On The Road
- Published on Tuesday, 31 August 2010 17:00
- Written by Warren McCord
Q: I know the engine oil in my vehicle needs to be changed regularly, but I also know there are other fluids in my car. Do these also need to be changed at specific intervals?
A: Absolutely. These other fluids you mention are in your cooling system, power-steering system, automatic transmission and brake system. They are all products that go through temperature changes, have additive packages in them and are petroleum-based like your engine oil. Each fluid requires attention.
Engine coolant turns acidic as it ages. When this happens, it will cause damage to the engine and cooling-system components. Coolant in good condition will be within the neutral range of the pH scale. A thorough service center will check coolant pH and recommend changes before damage occurs.
Brake-system fluid collects moisture from the environment and worn metal from the brake system itself. These contaminants cause damage and premature wear to the brake-system components, so the fluid contaminant level should be checked at service intervals and changed as needed. Modern-day vehicles can have brake-system components costing as much as $3,000 to replace, so changing the fluid can save big money in repairs.
Power-steering fluid breaks down over time and picks up worn particles from the system hoses. Worn-out fluid causes premature wear in the system’s pump and steering rack. The hose debris will block the system’s small passageways. Changing this fluid when needed can save thousands of dollars in repair costs.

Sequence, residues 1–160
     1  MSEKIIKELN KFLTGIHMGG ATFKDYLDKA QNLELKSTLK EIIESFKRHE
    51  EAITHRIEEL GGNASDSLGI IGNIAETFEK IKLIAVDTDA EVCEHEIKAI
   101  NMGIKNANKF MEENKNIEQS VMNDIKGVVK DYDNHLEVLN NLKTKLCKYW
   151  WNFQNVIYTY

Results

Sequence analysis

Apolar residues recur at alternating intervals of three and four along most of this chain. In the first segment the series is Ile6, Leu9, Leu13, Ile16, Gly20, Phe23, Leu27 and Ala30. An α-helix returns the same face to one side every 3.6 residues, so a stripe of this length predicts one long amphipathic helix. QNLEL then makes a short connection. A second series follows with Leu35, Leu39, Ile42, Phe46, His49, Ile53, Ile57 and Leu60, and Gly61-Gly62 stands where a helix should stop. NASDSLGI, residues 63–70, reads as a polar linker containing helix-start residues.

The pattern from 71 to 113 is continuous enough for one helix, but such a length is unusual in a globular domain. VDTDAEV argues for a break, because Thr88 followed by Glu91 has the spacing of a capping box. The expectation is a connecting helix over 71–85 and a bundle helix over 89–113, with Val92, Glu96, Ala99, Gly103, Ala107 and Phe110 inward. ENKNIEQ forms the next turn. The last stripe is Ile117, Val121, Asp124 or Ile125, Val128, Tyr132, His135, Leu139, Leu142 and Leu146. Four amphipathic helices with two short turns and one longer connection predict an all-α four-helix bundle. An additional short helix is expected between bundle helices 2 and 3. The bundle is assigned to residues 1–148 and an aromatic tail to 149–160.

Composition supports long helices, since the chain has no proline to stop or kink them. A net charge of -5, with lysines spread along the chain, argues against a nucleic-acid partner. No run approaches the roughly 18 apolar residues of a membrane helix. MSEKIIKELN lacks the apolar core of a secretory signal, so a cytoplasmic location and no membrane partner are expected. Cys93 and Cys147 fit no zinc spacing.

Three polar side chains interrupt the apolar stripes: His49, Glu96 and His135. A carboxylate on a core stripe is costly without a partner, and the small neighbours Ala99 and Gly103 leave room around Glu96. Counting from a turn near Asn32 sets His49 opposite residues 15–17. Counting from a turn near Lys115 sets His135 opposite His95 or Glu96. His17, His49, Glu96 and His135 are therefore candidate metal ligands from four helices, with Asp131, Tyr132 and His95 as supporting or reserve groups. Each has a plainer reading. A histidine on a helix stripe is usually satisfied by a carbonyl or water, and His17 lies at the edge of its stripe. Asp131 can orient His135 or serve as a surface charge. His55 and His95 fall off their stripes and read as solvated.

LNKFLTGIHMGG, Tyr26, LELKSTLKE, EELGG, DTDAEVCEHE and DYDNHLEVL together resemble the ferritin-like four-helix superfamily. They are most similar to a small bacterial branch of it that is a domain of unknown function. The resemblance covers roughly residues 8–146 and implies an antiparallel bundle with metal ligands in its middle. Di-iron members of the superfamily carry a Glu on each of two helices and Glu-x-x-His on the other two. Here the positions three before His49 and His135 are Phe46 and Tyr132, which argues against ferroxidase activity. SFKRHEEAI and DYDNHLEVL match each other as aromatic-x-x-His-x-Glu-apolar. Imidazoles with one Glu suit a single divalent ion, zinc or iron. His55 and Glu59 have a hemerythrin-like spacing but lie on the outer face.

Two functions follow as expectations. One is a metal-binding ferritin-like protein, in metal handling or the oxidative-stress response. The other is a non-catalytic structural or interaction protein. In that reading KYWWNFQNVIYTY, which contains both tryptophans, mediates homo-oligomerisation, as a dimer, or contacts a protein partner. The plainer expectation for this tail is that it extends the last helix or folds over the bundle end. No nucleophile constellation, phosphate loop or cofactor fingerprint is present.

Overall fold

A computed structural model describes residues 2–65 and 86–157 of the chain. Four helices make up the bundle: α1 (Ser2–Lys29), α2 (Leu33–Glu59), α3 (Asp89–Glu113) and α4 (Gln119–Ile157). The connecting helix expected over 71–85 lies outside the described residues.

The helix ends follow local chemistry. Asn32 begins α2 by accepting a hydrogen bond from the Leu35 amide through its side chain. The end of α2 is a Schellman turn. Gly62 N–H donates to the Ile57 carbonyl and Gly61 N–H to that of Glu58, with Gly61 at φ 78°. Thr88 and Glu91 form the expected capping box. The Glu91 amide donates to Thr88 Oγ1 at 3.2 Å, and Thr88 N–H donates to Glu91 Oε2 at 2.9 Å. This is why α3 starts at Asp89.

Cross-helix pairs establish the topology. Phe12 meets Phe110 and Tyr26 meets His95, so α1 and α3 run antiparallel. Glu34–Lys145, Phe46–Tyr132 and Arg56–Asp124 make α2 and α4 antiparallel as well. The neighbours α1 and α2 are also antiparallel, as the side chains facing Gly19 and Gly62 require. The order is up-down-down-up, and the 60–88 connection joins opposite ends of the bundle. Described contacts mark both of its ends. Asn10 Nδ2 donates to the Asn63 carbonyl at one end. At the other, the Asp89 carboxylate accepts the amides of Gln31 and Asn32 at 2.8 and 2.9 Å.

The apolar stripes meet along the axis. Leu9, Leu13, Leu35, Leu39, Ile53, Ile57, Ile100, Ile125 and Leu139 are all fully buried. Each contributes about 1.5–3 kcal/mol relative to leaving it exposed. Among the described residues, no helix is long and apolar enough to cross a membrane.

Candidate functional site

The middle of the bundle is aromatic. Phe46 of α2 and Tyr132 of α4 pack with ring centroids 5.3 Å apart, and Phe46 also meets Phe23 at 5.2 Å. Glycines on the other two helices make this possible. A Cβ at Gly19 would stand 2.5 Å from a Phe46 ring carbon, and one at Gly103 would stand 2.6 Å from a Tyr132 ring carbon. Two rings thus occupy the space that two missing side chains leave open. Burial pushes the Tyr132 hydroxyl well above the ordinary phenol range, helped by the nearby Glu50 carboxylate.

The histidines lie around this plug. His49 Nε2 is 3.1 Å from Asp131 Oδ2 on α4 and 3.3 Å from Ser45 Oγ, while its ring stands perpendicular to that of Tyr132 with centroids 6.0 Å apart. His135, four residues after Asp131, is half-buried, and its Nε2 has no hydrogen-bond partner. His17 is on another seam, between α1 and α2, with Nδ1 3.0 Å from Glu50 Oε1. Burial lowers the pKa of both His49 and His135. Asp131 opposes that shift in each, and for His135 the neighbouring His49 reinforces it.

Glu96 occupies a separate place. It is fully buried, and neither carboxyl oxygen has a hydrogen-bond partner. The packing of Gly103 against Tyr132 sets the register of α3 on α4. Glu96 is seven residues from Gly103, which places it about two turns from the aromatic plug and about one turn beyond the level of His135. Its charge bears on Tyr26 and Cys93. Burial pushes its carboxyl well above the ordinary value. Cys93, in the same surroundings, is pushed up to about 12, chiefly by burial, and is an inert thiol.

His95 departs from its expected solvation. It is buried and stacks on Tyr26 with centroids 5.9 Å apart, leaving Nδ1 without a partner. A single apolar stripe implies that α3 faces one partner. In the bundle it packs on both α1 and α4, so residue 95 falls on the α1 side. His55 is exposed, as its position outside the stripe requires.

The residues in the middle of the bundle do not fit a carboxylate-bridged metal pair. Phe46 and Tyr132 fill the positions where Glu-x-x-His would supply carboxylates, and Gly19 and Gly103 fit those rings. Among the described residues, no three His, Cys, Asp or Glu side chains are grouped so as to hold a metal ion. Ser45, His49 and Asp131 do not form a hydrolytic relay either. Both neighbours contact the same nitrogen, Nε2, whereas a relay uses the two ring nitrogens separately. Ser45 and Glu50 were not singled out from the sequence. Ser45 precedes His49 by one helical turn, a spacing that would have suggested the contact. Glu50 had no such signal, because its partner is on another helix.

Automatic transmission fluid works especially hard to connect the engine to the drivetrain. It both lubricates and serves as a coupling agent in the transmission, and goes through a wide range of temperature changes every time the vehicle is driven. When this fluid breaks down, the result is premature wear of components inside the transmission. Transmission replacement or rebuilding can cost $3,000 and more.
All these fluids require monitoring and changing, and replacement must be done in its entirety. What is known as a “drain and refill” only replaces, on average, approximately 20 percent of the old fluid. Fluid is present throughout the vehicle systems – not just in the fluid receptacle. Special equipment is needed to ensure a 100 percent fluid change, so don’t hesitate to ask if your service center has invested in such equipment and will perform the correct service for you.
Your vehicle’s fluids are its lifeblood. Prolong your vehicle’s life and help avoid big repair bills by maintaining these fluids.